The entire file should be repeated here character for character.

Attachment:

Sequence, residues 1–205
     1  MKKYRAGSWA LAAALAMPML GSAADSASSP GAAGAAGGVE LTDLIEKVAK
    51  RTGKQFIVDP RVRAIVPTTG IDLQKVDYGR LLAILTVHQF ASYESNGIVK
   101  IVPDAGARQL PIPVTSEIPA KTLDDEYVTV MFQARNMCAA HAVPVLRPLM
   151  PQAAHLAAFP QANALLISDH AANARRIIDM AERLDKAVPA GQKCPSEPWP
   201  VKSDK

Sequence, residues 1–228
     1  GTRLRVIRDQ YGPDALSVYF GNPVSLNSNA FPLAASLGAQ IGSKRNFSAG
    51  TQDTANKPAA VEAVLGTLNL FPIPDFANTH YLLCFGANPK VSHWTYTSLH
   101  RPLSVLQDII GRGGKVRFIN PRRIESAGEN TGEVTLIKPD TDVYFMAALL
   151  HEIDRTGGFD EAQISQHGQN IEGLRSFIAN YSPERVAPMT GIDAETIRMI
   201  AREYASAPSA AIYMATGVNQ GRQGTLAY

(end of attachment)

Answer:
Sequence, residues 1–205
     1  MKKYRAGSWA LAAALAMPML GSAADSASSP GAAGAAGGVE LTDLIEKVAK
    51  RTGKQFIVDP RVRAIVPTTG IDLQKVDYGR LLAILTVHQF ASYESNGIVK
   101  IVPDAGARQL PIPVTSEIPA KTLDDEYVTV MFQARNMCAA HAVPVLRPLM
   151  PQAAHLAAFP QANALLISDH AANARRIIDM AERLDKAVPA GQKCPSEPWP
   201  VKSDK

Sequence, residues 1–228
     1  GTRLRVIRDQ YGPDALSVYF GNPVSLNSNA FPLAASLGAQ IGSKRNFSAG
    51  TQDTANKPAA VEAVLGTLNL FPIPDFANTH YLLCFGANPK VSHWTYTSLH
   101  RPLSVLQDII GRGGKVRFIN PRRIESAGEN TGEVTLIKPD TDVYFMAALL
   151  HEIDRTGGFD EAQISQHGQN IEGLRSFIAN YSPERVAPMT GIDAETIRMI
   201  AREYASAPSA AIYMATGVNQ GRQGTLAY